It’s no secret – marketers are time-strapped individuals. With the ongoing pandemic, we’ve also had to take on the role of part-time fortune teller.
HubSpot has been publishing data and trends for core business metrics since early April, with the data showing varying levels of consumer activity in Asia-Pacific. In Singapore, web traffic rushed up to 31% higher than normal at the end of March but has since dipped to just 10% above benchmark in mid-May. Marketers adjusted their outreach accordingly, with the number of marketing email sends going from 66 percent above benchmark at the end of April, to seven percent below average in the next week.
Aside from reading the weather, we juggle the latest algorithm changes on an ever-growing number of platforms and distribution channels. We must learn and adopt new technologies to stay ahead of the competition and match rapidly evolving customer expectations. We face swiftly increasing customer acquisition costs. All the while, we write remarkable content to publish on our blogs, enable our sales teams, nurture leads into opportunities... all at breakneck speed!
And that’s all before marketers even get to their websites. We need to support more integrations, more personalization, and at the most basic level, we need the ability to spin up new site pages, add new content, change layouts, and make copy edits to our websites on the fly. Websites are the cornerstone of your company’s digital experience, and right now, your website is also your storefront. They should evolve as quickly as your business does.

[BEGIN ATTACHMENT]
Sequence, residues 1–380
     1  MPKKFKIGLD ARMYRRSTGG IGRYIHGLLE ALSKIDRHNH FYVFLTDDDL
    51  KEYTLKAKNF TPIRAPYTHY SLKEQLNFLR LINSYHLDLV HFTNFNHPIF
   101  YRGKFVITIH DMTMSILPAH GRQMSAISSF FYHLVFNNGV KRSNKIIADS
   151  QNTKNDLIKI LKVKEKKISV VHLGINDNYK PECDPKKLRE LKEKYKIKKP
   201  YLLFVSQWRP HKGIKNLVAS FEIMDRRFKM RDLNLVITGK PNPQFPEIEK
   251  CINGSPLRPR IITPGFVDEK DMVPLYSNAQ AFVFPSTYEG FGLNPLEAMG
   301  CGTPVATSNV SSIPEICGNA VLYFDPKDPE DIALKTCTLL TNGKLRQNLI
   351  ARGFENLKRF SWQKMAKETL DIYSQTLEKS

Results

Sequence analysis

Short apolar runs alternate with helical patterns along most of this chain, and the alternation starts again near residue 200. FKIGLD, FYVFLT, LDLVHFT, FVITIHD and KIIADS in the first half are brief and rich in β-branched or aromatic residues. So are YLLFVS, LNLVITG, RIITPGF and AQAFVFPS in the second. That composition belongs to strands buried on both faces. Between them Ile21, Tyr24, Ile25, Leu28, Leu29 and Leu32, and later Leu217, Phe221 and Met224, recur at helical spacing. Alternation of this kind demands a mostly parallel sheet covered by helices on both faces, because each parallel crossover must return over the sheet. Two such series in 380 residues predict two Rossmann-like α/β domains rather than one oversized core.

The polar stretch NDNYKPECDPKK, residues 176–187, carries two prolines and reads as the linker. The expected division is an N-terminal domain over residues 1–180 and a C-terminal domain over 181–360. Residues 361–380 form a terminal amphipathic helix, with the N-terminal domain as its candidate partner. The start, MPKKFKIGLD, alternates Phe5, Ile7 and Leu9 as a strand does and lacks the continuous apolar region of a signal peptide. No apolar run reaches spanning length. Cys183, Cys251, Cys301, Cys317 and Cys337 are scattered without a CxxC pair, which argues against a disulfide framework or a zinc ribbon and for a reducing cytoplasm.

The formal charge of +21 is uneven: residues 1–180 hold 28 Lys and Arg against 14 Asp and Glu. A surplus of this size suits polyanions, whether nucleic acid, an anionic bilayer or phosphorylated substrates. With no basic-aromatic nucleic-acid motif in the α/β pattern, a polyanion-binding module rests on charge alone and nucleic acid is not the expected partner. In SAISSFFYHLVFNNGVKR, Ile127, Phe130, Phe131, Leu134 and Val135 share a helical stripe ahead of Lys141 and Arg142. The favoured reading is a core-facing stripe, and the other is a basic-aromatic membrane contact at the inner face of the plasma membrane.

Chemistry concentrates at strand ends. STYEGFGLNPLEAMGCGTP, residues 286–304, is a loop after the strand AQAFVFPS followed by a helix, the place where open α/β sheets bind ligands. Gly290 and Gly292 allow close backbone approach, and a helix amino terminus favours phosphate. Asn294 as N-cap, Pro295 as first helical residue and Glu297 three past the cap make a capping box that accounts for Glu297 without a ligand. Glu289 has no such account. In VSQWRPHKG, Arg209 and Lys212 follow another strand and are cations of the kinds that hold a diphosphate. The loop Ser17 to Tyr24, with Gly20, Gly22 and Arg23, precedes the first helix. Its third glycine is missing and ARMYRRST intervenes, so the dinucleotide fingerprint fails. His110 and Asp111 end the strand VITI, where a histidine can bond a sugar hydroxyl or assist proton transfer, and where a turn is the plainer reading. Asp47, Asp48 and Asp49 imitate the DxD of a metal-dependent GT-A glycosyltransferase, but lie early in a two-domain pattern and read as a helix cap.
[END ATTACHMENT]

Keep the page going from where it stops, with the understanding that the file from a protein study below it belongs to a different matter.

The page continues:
The necessity of nimbleness
It’s not what you sell, it’s how you sell. Ten years ago, businesses outran their competition by selling a product that was 10 times better. Today, companies win and lose because of their customer experience. Increasingly vocal buyers, online reviews for everything, easily replicable products, and eroding trust in businesses mean that a delighted customer base is far more influential in driving growth than any marketer or salesperson.
Today’s consumers are vocal -- half of buyers have shared an experience they’ve had with a company on social media. Buyers are equally likely to share a good experience or a bad one, and with 81% of consumers reporting that they trust their family and friends’ word over a business’ marketing, can you really afford a breakdown in customer experience?
But as marketers, we can’t build an amazing customer experience unless our tools and systems allow us to be nimble. According to research from HubSpot, 82% of consumers expect an “immediate” response when looking for marketing or sales help -- that number rises to 90% when the question is related to customer service. What does “immediate” mean? 10 minutes. Add to that, one-third of buyers expect to be able to self-serve in the purchase process. As your business grows, your team won’t be able to get back to all prospects within 10 minutes. It’s just not possible for any company with aspirations to grow.